Vittoria Vitucci, a senior at William Floyd High School, has been awarded a $30,000 scholarship.
Vittoria Vitucci (left) with her guidance counselor, Dana Garner.
Mastic Beach, NY - May 31, 2016 - Vittoria Vitucci, a senior at William Floyd High School, was recently accepted to attend NYU Shanghai, a jointly established college between New York University and East China Normal University of Shanghai. She has been awarded a $30,000 scholarship and is one of only 150 international students to be accepted as a member of the class of 2020. NYU Shanghai is the first American college or university to receive independent registration status from China’s Ministry of Education.
In more good news, Vitucci was named the New York State recipient of the McDonald’s National Employee Scholarship, a program that awards high-achieving seniors with scholarships of $2,500 for their post-secondary education. She has been employed at the fast-food establishment over the past three-and-a-half years all while excelling in her academics, participating in a number of extracurricular activities and volunteering her time. Scholarships are given to only one employee per state.
In addition to working part time and her stellar academic career which includes a 34 on her ACT exam, she finds time to serve as a member of the William Floyd High School Key Club, the senior class council, Interact Club (Rotary for students), Youth & Government, the Sound and Light Crew for the high school’s theatrical productions, student government and spends time volunteering at a local food pantry. She was also a Girl Scout for 10 years.
During her high school career, she was named a semifinalist for both the Department of State National Security Language Initiative for Youth and the Congress-Bundestag Youth Exchange Program. She plans on majoring in Global China Studies and may pursue economics as a minor. She hopes to one day work for the Department of State as a Foreign Service Officer with a track of public diplomacy.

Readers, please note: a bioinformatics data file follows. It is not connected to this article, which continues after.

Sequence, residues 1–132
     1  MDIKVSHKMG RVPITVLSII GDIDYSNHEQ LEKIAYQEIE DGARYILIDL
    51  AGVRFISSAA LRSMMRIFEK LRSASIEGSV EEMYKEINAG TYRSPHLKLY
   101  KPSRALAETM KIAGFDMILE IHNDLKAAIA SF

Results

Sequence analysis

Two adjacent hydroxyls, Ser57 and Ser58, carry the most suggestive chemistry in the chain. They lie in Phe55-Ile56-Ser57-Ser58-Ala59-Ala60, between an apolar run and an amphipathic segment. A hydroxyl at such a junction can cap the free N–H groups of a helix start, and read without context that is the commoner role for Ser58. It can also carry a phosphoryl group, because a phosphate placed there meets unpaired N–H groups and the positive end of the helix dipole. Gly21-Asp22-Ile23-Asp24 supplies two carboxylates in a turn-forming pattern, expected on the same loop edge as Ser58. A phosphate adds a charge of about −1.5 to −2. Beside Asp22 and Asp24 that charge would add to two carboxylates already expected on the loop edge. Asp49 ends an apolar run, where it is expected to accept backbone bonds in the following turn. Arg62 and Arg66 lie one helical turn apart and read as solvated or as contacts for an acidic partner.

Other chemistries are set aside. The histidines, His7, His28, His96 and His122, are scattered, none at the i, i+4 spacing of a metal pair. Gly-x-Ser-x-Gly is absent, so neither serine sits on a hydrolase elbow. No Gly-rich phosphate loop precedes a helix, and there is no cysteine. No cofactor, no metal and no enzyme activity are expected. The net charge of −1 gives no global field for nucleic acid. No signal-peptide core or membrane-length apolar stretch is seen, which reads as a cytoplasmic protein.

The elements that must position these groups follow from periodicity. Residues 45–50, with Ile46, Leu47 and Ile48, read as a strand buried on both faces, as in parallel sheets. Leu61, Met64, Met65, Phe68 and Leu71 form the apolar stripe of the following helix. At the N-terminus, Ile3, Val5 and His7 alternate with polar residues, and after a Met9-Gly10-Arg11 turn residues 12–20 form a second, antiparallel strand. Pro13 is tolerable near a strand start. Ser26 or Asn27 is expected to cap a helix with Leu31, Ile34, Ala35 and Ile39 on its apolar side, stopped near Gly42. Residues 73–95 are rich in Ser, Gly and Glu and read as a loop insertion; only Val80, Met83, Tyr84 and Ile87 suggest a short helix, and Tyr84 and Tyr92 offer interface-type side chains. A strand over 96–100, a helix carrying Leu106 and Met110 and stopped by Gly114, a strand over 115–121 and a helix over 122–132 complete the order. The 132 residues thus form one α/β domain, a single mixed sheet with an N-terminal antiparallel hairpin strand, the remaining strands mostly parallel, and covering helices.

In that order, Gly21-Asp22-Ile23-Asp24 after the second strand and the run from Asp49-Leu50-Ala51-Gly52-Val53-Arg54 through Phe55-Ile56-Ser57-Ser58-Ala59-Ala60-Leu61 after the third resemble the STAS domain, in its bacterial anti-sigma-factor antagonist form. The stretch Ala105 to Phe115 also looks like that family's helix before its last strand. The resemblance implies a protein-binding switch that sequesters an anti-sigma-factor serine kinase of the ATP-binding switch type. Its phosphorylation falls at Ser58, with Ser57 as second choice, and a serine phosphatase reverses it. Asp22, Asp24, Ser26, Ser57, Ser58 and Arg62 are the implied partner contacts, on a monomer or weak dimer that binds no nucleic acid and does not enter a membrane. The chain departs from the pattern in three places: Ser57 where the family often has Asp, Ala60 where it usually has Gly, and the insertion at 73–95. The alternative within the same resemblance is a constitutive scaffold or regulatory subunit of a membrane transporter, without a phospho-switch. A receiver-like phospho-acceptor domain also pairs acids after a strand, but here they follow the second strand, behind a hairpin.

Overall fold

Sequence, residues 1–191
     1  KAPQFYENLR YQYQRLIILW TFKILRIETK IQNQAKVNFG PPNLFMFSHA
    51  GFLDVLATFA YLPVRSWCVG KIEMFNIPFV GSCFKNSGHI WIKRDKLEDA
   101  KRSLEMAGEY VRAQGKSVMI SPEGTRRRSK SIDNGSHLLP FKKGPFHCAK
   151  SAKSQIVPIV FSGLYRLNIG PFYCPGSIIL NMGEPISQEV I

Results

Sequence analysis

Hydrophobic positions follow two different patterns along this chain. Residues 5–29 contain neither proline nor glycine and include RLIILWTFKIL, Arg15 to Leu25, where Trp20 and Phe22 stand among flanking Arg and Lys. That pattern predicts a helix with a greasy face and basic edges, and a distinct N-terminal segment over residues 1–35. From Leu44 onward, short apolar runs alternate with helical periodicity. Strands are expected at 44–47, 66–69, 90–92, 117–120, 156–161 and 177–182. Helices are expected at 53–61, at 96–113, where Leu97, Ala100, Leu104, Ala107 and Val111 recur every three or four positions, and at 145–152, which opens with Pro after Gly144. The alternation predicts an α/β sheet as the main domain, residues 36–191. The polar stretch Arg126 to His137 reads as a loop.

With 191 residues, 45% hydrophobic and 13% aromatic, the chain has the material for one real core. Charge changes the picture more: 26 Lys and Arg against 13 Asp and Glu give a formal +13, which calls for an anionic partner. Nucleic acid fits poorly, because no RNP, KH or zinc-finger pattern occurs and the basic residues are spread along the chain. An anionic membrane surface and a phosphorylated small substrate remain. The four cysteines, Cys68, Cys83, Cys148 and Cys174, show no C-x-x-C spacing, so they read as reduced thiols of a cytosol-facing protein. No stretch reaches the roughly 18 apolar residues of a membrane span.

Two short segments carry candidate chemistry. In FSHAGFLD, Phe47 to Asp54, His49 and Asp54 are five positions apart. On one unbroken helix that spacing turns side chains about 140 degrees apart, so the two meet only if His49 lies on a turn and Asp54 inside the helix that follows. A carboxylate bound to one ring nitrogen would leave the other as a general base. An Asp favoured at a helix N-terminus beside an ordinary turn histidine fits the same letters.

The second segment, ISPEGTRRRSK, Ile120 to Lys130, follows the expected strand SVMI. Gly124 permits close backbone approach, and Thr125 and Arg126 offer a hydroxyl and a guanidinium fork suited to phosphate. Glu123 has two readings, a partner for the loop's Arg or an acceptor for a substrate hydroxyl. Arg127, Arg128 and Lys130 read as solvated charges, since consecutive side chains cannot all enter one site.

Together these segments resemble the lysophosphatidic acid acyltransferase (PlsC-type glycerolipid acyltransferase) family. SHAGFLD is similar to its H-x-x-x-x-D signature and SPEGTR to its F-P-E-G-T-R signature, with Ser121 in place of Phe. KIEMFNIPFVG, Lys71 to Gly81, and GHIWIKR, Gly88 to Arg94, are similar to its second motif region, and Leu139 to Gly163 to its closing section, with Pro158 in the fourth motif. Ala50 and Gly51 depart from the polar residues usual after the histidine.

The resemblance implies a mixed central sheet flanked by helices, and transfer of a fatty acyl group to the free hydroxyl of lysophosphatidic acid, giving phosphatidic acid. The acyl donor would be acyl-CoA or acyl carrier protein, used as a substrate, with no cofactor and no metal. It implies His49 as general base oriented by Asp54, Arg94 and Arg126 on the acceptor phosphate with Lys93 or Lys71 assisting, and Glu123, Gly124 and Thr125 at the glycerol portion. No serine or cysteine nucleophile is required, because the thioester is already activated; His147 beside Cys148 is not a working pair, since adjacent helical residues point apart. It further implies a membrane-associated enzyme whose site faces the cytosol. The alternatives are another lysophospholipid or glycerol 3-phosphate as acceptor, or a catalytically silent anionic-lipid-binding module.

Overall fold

A Princeton PhD, was a US diplomat for over 20 years, mostly in Eastern Europe, and was promoted to the Senior Foreign Service in 1997. For the Open World Leadership Center, he speaks with
its delegates from Europe/Eurasia on the topic, "E Pluribus Unum? What Keeps the United States United." Affiliated with Georgetown University for over ten years, he shares ideas with students about public diplomacy.
The papers of his deceased father -- poet and diplomat John L. Brown -- are stored at Georgetown University Special Collections at the Lauinger Library. They are manuscript materials valuable to scholars interested in post-WWII U.S.-European cultural relations.
This blog is dedicated to him, Dr. John L. Brown, a remarkable linguist/humanist who wrote in the Foreign Service Journal (1964) -- years before "soft power" was ever coined -- that "The CAO [Cultural Affairs Officer] soon comes to realize that his job is really a form of love-making and that making love is never really successful unless both partners are participating."